Sunday, November 16, 2014

#115/135 There She Gose Again

This is a great beer published in BYO, by Justin
Fal Allen's Book on Brewing Gose

Issue: May/Jun 2011

Gose is a top-fermented beer that originated in Goslar, Germany. It is brewed with at least 50% of the grain bill being malted wheat.

Dominant flavours in Gose include a lemon tartness, a herbal characteristic, and a strong saltiness (the result of either local water sources or added salt). Gose beers typically do not have prominent hop bitterness, flavours, or aroma. The beers typically have a moderate alcohol content of 4 to 5% ABV.

Because of the use of coriander and salt, Gose does not comply with the Reinheitsgebot. It is allowed an exemption on the grounds of being a regional specialty. It acquires its characteristic sourness through inoculation with lactic acid bacteria after the boil.

Gose belongs to the same family of sour wheat beers which were once brewed across Northern Germany and the Low Countries. Other beers of this family are Belgian Witbier, Berliner Weisse, Broyhan, Grätzer.

Gose was delivered, still fermenting quite vigorously, in barrels to the Schänke. It was stored in the cellar with the tap bung closed but the shive hole left open, so that the still-active yeast could escape. Only when the fermentation had slowed to a point where no yeast was emerging from the shive hole, was the Gose ready to bottle. The barrel was emptied into a tank, from whence it was filled into the characteristic long-necked bottles. These were not closed with a cap or cork, but with a plug of yeast (Flor) which naturally rose up the neck as the secondary fermentation continued.

16th Century Gose was first brewed in the early 16th century in the town of Goslar, from which its name derives. It became so popular in Leipzig that local breweries started to make it themselves.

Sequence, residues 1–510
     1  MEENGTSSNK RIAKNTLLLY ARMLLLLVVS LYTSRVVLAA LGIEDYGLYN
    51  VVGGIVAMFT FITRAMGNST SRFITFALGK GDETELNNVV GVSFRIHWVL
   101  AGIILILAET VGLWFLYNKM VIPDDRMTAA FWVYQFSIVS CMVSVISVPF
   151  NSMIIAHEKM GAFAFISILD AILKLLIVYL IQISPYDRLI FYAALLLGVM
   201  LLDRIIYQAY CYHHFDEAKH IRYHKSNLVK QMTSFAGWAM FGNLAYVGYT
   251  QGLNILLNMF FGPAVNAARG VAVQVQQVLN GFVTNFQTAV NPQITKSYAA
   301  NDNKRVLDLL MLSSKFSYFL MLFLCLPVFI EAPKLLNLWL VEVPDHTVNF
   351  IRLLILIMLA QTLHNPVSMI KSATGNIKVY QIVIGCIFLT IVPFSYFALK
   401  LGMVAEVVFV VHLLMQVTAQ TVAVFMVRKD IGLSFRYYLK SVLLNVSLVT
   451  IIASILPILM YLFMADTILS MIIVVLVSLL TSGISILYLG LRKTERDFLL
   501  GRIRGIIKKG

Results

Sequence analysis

1800sGose was considered to be the local style of Leipzig and there were countless Gosenschänke in the city.
1939Rittergutsbrauerei Döllnitz was the last brewery producing Gose
1945Gose disappeared with the closing of the brwery
1949Gose reappears when the tiny Friedrich Wurzler Brauerei opened at Arthur-Hoffmann-Straße 94 in Leipzig. Friedrich Wurzler had worked at the Döllnitzer Rittergutsbrauerei and was the only person who knew the secret of brewing Gose.
1950sWurzler handed on the secret recipe to his stepson, Guido Pfnister
1966Pfnister died and the brewery closed and Gose disappeared again
1985Lothar Goldhahn, who was restoring a former Gosenschenke, Ohne Bedenken, decided that it was only fitting that the revived pub should sell Gose. After quizzing drinkers to ascertain its precise characteristics, Goldhahn began to search for a brewery to produce his Gose. None of the local breweries were keen on making such an odd beer, so eventually he chose the Schultheiss Berliner-Weisse-Brauerei on Schönhauser Allee in East Berlin. The first test brews were made in 1985 and production started in 1986.[1]
1988Gose disappeared again

There She Gose Again 
(5 gallons/19 L, all-grain)
OG = 1.048  FG = 1.012  
IBU = 12  SRM = 4  ABV = 4.7%

Steep 149°F for 60 minutes - 4 Gallons of water
5.0 lbs wheat malt
3.25 lbs German Pilsner malt (2 °L)
0.5 lbsRice Hulls
Steep 144-149°F for 45 minutes
2.0 lbs acidulated malt (2 °L)**/***
Mash Out at 168°F
60 min
0.50 oz2.8 AAU Santiam hops
15 min
1 tbs Irish Moss
10 min
1.0 oz  ground coriander seed 
0.75 oz sea salt
1.0 pkg White Labs WLP029 (German Ale/Kölsch Yeast) or Wyeast 1007 (German Ale) yeast

** On the most recent version we increased the acidulted malt to 2.5 lbs.  We were not sure if we actually got any additional sour notes with the increase.

*** There appears to be a limit of how much sour you can add using this method.

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